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the Poorer-Risk AML, the Weaker Immunologic Surveillance? --Higher PD-L1 Expression on Non-APL AML Cells Is Associated with Poorer Risk Status According to Cytogenetics and Molecular Abnormailties

Shenmiao Yang and Xiao Jun Huang

Abstract

Backgroud

The specific recurrent cytogenetic and molecular abnormalities are significantly associated with prognosis and have been used to establish risk stratification which directs the therapeutic strategy in AML. Whether the immune surveillance contributes to the prognosis according to the cytogenetic and molecular risk status is unknown. The checkpoint PD-1/PD-L1 pathway is involved in the tumor surveillance. Down-regulation of PD-1/PD-L1 pathway caused a slower AML progression in mouse models through anergy of CD8+ CTL cells. Clinical trials of PD-1/PD-L1 inhibitor-based regimens in patients with AML are ongoing and seem to have promising results. But few studies investigated clinical significance of PD-L1 expression on leukemic cells in AML patients.

Method

We prospectively observed 120 consecutive adult patients with non-APL AML. PD-L1 mRNA of bone marrow mononuclear cells at diagnosis was detected by RT-PCR and the specific fluorescence indices (SFI) of PD-L1 expression on bone marrow blast cells was determined by flow cytometry. Cytogenetic and molecular genetic risks were assessed according to NCCN AML guideline (2016 version 2). Patients with age >60 years or failure of karyotype analysis were excluded. All remaining 95 patients were treated with "3+7" idarubicine and cytarabine induction regimen. Patients with response of ≥PR were administered the same regimen as the initial chemotherapy, and then consolidated with intermediate-dose cytarabine for four cycles followed by MA, AA, HA and AE regimens subsequently. Patients at poor risk or with unsatisfied controlled minimal residual disease were recommended allogeneic transplantation (allo-HCT). Among the patients with indication of allo-HCT, those who had both donor and desire received allo-HCT after 3 cycles of consolidation in their first CR (CR1).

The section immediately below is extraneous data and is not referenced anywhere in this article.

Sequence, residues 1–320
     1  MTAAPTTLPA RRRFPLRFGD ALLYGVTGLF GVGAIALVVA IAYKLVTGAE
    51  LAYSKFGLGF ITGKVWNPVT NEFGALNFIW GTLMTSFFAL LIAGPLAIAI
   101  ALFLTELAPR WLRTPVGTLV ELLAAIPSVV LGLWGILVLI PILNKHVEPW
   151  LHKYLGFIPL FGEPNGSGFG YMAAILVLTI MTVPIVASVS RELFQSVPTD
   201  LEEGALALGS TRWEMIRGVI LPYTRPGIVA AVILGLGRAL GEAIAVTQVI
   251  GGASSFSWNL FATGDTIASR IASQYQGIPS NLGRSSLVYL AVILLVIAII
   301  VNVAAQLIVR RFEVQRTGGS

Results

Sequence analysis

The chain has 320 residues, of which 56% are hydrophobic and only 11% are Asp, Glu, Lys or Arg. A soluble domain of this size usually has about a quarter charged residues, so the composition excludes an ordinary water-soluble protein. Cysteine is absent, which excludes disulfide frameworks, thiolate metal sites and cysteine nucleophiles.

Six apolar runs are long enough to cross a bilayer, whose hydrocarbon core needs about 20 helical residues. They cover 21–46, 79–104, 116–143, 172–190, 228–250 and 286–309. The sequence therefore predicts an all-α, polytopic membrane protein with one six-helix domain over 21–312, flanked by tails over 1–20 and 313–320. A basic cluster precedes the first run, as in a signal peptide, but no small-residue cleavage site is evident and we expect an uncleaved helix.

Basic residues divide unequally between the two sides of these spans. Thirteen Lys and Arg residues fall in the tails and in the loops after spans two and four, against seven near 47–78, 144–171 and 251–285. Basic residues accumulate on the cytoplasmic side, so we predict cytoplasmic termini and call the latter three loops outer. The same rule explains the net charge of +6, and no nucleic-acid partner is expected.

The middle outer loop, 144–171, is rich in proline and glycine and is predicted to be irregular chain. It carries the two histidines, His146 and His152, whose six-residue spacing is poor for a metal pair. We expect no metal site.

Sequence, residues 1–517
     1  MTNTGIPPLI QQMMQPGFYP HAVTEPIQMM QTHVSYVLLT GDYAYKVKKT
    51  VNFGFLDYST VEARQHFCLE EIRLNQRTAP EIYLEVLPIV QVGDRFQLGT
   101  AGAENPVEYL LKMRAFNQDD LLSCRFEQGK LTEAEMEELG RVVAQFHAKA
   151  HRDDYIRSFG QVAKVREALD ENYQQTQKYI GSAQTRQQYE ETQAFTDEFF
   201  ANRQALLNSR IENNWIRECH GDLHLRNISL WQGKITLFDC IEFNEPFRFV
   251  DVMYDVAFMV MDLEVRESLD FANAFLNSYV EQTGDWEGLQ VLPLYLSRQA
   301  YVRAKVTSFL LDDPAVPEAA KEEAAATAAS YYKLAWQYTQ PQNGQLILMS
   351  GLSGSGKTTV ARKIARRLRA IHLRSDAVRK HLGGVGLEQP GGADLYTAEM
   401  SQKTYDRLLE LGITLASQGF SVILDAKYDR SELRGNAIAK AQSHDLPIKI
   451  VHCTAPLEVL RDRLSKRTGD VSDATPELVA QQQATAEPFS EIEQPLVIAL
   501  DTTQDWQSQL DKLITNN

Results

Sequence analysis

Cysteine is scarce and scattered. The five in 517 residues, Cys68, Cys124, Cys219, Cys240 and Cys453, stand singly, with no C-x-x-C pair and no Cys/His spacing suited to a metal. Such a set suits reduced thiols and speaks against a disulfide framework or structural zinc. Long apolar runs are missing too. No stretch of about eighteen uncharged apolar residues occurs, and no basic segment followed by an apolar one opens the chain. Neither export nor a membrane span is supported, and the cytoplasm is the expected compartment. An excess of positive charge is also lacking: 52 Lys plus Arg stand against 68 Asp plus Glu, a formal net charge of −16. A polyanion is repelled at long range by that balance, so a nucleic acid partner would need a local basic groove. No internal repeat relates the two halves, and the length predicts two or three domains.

Result

The diagnoses according to morphology included AML-M0 (n=1), AML-M1 (n=5), AML-M2 (n=55), AML-M4 (n=19), AML-M5 (n=13) and AML-M6 (n=2). Twenty patients were at favorable risk, 43 were at intermediate risk and 32 were at poor risk. We found a correlation between SFIs of PD-L1 and PD-L1 mRNA (r=0.413, P<0.001). After the base 10 logarithm transformation, quantity of PD-L1 mRNA in mononuclear cells of bone marrow were different among all risk groups (P=0.025). Post Hoc multiple comparisons showed PD-L1 mRNA of poor-risk group was higher than that of favorable-risk group (P=0.008). PD-L1 mRNA of the intermediate-risk group was also higher when compared to that of favorable-risk group (P=0.029). SFIs of PD-L1 on leukemic cells was higher in poor-risk group than in either intermediate-risk (P=0.040) or favorable-risk group (P=0.042), although no statistic difference was found among three groups (P=0.057). With ROC curves, we found PD-L1 mRNA could well predict both the early CR defined as the CR achieved after the initial chemotherapy (AUC=0.736, P=0.050) and the final CR defined as CR1 achieved after any cycles of induction chemotherapy (AUC=0.911, P=0.006). SFI of PD-L1 on leukemic cells could only predict the final CR (AUC=0.889, P=0.009). With both the best specificity of 0.833 and sensitivity of 1.000 for predicting final CR and specificity of 0.667 and sensitivity of 0.917 for predicting early CR, the cutoff value of PD-L1 mRNA was identified as 0.0681. SFI of PD-L1 less than 1.852 was a good predictor for achieving final CR with the sensitivity of 0.800 and specificity of 1.000. PD-L1 mRNA≥0.0681 was the only independent poor-risk factor for the early CR (HR=12.697, 95%CI 2.710-59.481, P<0.001).

Conclusion

AML cells with poorer-risk cytogenetic and molecular abnormalities seemed to have a higher PD-L1 expression which may compromise the leukemic immune surveillance by CTL suppression. Higher PD-L1 expression on AML cells was associated with poorer response to IA-based induction regimens.

Disclosures No relevant conflicts of interest to declare.

  • * Asterisk with author names denotes non-ASH members.